the gun owners and three sheriffs have argued that magazines that hold more than 10 rounds are commonly used for self-defense, and without them, law-abiding gun owners will be at a tactical disadvantage when confronting criminals.

The attorney general’s office, in its response, argued large-capacity magazines that hold more than 10 rounds are not “arms” protected by the Second Amendment and the state’s new requirement for a permit to purchase a gun will withstand constitutional scrutiny.

In a 42-page court filing Wednesday, a senior assistant attorney general wrote that any move to put the measure on hold while litigation proceeds would likely result in a rush of people buying “tens of thousands” of more guns and ammunition before the regulations could take hold and endanger public safety.

Before Nov. 8, the state police averaged 849 background check requests a day for new gun purchases. Since then, the daily average has quadrupled to 4,092, the attorney general’s filing says.

The attorney general’s office argues that the current gun owners who have filed a lawsuit challenging the measure won’t be harmed if the measure becomes law.

“Plaintiffs can continue to keep and bear the arms they currently possess, which is enough to protect their Second Amendment rights for the pendency of this litigation,” wrote Brian Simmonds Marshall, a senior assistant attorney general.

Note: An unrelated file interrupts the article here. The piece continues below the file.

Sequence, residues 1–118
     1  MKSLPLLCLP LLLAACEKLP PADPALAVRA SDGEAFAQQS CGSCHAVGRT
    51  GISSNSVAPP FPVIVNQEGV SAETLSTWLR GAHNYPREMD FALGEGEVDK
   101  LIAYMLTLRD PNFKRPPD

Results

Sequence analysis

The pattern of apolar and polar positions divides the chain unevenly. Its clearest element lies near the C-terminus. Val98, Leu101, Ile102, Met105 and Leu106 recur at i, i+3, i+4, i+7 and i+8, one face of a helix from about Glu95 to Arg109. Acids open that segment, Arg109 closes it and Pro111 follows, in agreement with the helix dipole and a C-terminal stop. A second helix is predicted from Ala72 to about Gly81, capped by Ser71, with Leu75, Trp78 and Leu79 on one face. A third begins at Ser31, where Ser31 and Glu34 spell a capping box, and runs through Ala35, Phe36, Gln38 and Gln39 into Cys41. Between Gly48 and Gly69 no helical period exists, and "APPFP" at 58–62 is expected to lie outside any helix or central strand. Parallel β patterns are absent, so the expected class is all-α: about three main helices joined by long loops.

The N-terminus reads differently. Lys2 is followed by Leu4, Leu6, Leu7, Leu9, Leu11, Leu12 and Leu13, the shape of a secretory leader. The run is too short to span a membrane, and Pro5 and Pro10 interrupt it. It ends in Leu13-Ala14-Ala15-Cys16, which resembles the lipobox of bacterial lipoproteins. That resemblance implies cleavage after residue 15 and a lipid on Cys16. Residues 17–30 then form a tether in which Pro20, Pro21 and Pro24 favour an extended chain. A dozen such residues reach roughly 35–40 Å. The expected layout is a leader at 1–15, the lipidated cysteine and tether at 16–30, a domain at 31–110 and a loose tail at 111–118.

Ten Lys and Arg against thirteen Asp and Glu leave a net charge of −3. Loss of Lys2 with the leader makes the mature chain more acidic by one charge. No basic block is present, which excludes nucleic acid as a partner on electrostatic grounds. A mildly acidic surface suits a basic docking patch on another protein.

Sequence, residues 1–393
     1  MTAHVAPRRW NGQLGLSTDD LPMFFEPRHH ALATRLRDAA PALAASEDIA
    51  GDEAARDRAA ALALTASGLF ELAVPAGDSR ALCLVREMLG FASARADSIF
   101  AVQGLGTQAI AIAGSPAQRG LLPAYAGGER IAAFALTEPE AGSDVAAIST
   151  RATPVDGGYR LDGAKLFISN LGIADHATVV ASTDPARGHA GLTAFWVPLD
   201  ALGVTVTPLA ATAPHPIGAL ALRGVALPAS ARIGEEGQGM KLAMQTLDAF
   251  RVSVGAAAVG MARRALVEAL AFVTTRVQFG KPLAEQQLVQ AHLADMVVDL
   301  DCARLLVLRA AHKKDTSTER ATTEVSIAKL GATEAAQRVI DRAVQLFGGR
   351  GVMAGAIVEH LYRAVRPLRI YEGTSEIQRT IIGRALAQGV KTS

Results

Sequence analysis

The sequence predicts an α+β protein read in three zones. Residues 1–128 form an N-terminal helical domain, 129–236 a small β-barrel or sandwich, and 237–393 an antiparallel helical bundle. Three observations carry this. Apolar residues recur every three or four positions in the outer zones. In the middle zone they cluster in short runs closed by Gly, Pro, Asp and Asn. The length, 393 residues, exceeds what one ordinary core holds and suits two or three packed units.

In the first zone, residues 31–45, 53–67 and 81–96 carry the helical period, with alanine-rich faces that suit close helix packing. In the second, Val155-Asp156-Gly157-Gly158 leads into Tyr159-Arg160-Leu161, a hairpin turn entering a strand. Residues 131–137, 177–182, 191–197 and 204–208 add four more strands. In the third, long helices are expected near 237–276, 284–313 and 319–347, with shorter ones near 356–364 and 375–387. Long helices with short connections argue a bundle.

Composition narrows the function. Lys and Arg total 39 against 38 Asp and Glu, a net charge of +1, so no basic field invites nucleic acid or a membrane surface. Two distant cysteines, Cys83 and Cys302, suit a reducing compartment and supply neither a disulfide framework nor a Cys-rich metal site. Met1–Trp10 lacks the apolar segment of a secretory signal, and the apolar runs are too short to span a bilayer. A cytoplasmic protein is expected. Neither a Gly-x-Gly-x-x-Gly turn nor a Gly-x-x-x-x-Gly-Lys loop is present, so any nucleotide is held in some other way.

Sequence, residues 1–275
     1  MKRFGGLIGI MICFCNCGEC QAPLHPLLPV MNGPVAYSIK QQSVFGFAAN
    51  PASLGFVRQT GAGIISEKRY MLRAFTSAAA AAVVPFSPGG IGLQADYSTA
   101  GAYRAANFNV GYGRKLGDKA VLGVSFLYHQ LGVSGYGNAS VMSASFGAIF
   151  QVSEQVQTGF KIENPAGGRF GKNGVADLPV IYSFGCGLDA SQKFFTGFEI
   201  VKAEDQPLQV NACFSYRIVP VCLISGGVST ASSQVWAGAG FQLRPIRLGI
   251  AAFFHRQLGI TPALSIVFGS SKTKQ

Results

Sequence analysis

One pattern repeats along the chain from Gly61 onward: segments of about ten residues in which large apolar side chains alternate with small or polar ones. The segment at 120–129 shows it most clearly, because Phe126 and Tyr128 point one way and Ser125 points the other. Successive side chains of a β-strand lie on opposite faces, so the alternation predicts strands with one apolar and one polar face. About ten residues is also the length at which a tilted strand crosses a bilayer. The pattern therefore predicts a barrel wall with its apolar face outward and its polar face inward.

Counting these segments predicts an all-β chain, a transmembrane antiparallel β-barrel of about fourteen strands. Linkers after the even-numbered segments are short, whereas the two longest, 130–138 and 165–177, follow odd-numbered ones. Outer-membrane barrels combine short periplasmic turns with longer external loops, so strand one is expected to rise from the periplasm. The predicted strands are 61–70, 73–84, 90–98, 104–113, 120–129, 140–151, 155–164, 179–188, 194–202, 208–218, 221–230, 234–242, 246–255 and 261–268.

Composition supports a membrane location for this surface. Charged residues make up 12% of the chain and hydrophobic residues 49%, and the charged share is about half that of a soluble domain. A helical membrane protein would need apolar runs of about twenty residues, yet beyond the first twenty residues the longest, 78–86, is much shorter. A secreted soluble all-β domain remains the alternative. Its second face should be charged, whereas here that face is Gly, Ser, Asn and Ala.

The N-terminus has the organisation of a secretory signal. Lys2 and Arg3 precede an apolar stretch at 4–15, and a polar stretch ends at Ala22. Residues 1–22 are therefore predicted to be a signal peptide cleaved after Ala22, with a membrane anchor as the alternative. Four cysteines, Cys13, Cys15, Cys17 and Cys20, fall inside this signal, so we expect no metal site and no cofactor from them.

It’s Measure 114 itself that has led to the flood of Oregonians pouring into gun stores across the state. While the state’s attorneys may claim that allowing those sales to continue (each one accompanied by a background check, mind you) will increase “the risk of a massacre”, their proposed “solution” is to put in place a permitting system that could result in a complete halt to gun sales in the state. The permit-to-purchase system isn’t in place yet, and would-be gun owners have no idea what the training requirements are going to look like or even where to go to get the training mandated by the state. Those mandates are constitutionally questionable enough, but completely depriving Oregonians, even temporarily, from accessing their right to keep and bear arms should be a non-starter for the courts.

The same is true for Measure 114’s magazine ban, which has no real historical analogue for supporters to point to. While the most common arms at the time the Second Amendment was ratified were single shot muskets and pistols, by the time the Fourteenth Amendment was ratified the most commonly-owned arms included six-shot revolvers and repeating rifles that could hold more than ten rounds. There were no 19th century moms demanding action against lever-actions or any other kind of firearm, and certainly no longstanding laws limiting gun ownership to the single-shot firearms that were most common just a few generations earlier.

It’s going to be a busy week for attorneys in Oregon, and for gun store owners too. With sales already quadruple what they were before Election Day, don’t be surprised if the numbers spike even higher as we get closer to December 8th and the prospect of an abrupt halt to retail gun sales.